If you’re thinking of using geolocators to study bird migration then here’s a paper that you should read.
Devices attached to waders (shorebirds) are adding hugely to our understanding of their movements, and informing plans for the conservation of threatened species, but how safe are these devices for the individual birds that carry them? Emily Weiser and 49 coauthors have reviewed the available evidence in a recent paper Effects of geolocators on hatching success, return rates, breeding movements, and change in body mass in 16 species of Arctic-breeding shorebirds, published in Movement Ecology.
Marking birds is not without cost. Catching a bird to fit a ring, however light and however expertly applied, subjects the individual to extra risk. Perhaps the ring might get wool tangled around it for instance? Logic suggests that every extra device, from colour-rings through to a harness that carries a satellite tag, adds mass and potential problems. This paper focuses on geolocators – the half-way house between satellite tags and colour-rings, in terms of weight. I find it encouraging that so many scientists have combined in this review of the way that geolocators affect birds’ lives. By providing their data for analysis, they remind us that professional ornithologists have a shared concern for the birds that they work on. As people, they want to minimise the effects on individual birds and, as scientists, they need to reassure themselves that tagged individuals are providing data that are representative of other birds of the same species.
What are geolocators?
Geolocators collect information on place and time. Unlike satellite tags, which can relay information from the bird to the scientist on a day-to-day basis, geolocators have to be deployed and then retrieved, so that data can be down-loaded. In the intervening period, these tiny devices record the time of dawn and dusk, information that can be decoded to reveal daily locations, apart from during the periods of spring and autumn equinoxes and if there is heavy cloud. Geolocators are particularly useful for waders, as most of them live in very open environments (but less good for nocturnal species such as woodcock).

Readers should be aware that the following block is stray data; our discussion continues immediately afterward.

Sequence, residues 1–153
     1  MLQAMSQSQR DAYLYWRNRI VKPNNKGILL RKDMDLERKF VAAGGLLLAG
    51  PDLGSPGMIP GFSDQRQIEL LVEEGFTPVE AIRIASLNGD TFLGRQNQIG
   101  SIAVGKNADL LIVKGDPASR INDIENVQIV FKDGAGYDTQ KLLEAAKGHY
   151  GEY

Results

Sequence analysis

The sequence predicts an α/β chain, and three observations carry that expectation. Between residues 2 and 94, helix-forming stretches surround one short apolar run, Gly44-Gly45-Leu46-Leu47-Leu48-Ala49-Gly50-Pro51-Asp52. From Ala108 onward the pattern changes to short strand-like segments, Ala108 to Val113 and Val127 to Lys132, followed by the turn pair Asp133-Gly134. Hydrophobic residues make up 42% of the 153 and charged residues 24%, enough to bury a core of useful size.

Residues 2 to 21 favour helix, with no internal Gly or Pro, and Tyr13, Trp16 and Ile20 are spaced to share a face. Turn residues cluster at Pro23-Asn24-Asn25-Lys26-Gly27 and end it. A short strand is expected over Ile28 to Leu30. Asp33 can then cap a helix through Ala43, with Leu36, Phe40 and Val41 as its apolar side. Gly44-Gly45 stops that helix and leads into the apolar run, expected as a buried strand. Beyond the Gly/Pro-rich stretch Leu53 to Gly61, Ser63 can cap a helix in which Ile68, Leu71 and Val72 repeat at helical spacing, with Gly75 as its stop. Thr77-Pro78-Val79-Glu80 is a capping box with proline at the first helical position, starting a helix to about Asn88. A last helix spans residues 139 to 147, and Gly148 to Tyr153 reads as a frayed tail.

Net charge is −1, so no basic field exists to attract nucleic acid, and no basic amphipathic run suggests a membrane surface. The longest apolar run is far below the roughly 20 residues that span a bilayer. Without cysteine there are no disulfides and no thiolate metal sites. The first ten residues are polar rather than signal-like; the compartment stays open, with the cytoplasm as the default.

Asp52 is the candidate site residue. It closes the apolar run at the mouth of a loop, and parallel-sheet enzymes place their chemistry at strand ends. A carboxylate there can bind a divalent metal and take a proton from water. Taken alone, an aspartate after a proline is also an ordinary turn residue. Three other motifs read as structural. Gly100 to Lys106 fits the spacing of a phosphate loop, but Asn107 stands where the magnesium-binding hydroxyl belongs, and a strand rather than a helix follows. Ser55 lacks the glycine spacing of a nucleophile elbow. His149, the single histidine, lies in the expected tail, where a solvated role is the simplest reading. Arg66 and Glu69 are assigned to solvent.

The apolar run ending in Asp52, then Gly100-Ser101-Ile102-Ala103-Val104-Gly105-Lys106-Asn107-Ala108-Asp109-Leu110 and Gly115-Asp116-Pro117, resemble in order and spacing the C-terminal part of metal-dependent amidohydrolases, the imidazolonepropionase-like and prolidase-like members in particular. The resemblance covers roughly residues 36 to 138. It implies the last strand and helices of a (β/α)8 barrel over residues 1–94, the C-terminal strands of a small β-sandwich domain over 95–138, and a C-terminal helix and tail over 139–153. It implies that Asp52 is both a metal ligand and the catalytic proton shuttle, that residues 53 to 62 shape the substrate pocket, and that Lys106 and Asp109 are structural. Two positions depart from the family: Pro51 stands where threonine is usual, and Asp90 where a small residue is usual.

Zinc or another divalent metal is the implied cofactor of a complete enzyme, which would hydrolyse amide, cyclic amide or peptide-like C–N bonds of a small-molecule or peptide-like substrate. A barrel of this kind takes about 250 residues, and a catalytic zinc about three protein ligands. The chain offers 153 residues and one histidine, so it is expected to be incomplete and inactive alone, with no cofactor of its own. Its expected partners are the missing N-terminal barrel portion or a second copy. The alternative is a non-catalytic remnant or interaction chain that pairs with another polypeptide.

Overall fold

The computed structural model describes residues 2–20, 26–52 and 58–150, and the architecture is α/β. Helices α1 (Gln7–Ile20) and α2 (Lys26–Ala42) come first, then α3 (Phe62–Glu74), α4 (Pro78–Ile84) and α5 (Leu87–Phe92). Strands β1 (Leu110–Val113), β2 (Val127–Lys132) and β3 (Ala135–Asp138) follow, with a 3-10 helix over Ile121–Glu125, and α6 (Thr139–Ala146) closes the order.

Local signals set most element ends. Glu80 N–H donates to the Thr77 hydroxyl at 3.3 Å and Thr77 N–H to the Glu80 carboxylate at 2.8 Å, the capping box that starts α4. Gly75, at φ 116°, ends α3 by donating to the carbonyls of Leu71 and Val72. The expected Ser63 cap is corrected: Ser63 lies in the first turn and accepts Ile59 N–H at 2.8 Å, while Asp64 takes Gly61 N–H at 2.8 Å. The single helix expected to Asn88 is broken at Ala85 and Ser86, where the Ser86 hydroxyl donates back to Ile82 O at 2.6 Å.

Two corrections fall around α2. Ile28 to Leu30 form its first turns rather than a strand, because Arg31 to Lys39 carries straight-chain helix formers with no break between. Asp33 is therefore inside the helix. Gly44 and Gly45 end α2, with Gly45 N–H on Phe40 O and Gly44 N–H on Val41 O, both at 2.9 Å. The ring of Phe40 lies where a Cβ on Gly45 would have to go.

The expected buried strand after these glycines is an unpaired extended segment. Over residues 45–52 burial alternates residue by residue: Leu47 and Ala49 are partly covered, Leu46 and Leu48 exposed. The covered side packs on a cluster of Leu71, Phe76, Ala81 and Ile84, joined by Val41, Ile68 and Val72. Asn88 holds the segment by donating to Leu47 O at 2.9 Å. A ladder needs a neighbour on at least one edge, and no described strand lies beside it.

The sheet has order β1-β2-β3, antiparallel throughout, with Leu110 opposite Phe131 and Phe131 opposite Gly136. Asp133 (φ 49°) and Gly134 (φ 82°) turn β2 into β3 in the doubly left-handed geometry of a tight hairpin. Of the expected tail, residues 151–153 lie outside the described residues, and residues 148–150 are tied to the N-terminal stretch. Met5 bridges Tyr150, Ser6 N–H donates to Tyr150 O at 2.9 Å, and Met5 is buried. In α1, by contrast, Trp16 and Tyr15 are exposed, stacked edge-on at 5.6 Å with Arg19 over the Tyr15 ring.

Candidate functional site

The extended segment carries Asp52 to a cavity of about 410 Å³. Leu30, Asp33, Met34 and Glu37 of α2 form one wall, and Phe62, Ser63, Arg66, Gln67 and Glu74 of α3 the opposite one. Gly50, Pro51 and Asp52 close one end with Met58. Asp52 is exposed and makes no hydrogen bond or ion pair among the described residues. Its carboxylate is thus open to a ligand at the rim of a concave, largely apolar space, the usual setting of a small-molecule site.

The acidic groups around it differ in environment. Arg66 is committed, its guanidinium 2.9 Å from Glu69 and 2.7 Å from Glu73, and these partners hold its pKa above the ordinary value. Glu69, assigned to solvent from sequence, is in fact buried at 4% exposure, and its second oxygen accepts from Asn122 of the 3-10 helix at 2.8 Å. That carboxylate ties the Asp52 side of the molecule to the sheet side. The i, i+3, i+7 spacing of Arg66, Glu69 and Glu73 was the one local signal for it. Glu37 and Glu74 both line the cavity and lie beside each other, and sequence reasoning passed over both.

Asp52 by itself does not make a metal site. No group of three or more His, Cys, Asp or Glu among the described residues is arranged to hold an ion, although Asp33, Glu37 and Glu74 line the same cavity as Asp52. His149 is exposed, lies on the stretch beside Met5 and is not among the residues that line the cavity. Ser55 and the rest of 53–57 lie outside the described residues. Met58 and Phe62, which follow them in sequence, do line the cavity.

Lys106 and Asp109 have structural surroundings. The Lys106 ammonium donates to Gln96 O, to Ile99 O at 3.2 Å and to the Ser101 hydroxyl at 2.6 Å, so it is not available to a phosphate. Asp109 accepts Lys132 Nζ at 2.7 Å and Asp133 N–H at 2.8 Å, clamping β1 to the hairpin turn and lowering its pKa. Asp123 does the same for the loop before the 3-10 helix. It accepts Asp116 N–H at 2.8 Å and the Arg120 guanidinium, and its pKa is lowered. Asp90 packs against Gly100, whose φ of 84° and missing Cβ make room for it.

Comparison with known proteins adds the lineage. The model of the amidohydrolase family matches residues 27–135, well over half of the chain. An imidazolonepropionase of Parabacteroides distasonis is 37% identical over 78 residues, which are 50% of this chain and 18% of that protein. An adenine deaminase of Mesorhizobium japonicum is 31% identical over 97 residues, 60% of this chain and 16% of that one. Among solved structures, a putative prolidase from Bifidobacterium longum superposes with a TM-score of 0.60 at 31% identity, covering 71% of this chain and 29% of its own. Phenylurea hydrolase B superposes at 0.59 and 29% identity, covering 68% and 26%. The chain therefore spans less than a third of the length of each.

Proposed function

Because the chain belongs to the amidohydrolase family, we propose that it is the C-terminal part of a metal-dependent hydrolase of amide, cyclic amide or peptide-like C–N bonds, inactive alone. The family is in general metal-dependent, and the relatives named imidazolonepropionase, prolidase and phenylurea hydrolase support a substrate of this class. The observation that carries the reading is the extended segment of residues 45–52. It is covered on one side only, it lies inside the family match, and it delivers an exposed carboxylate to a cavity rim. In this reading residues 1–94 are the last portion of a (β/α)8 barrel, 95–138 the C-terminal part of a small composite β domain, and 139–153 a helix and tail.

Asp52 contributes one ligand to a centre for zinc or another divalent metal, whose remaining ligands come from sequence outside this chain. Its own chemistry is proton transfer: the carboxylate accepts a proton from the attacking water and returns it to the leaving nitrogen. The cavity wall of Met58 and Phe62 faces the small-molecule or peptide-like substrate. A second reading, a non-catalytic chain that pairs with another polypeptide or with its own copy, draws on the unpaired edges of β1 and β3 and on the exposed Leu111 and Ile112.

The data used in this paper relate to geolocators weighing between 0.8g and 2.0g, representing 0.1– 3.9 % of mean body mass of the species to which they were applied. They were attached to 16 species of migratory shorebirds, including five species with between 2 and 4 subspecies, making a total of 23 study taxa. The smallest species was only 26 grammes and the largest was just over a kilogramme. Birds were tagged at 23 breeding and eight nonbreeding sites, spread throughout the world.
Geolocators can be attached to harnesses and sit on the back of birds or, as in most cases studied here, attached to a ring or flag on a bird’s leg. The paper looks at the different effects of tags mounted in different ways.
Many wader populations are in trouble. Of the eight curlew species, for instance, one or two species are probably extinct, three others are endangered, vulnerable and near-threatened and only three are not causing concern.
Establishing migratory routes and the timing of movements is a critical part of understanding the migration strategies of waders. The results collected from geolocators have important consequences for conservation and are truly fascinating. Who would have believed that Red-necked Phalaropes breeding in Shetland (north of Scotland and west of Norway) would migrate west and south to spend the winter on the surface of the Pacific Ocean between Galapagos and Ecuador? Geolocator tagging reveals Pacific migration of Red-necked Phalarope Phalaropus lobatus breeding in Scotland. Smith, M., Bolton, M., Okill, D.J., Summers, R.W., Ellis, P., Liechti, F. & Wilson, J.D. Ibis. DOI: 10.1111/ibi.12196
Waders operate at a truly global scale, with Bar-tailed Godwits making phenomenal journeys directly from Alaska to New Zealand. This species and others using the East Asian-Australasian flyway are causing major concerns for wader biologists, who have measured huge losses in populations wintering in Australia, New Zealand and south-east Asia. Ringing and colour-ringing had shown that birds fly north each spring to eastern Siberia and Alaska via the coast of eastern Asia – countries such as South Korea and China where there are major development pressures upon estuaries. Simultaneous declines in summer survival of three shorebird species signals a flyway at risk. Theunis Piersma,Tamar Lok, Ying Chen, Chris J Hassell, Hong-Yan Yang, Adrian Boyle, Matt Slaymaker, Ying-Chi Chan, David S Melville, Zheng-Wang Zhang, Zhijun Ma. Journal of Applied Ecology.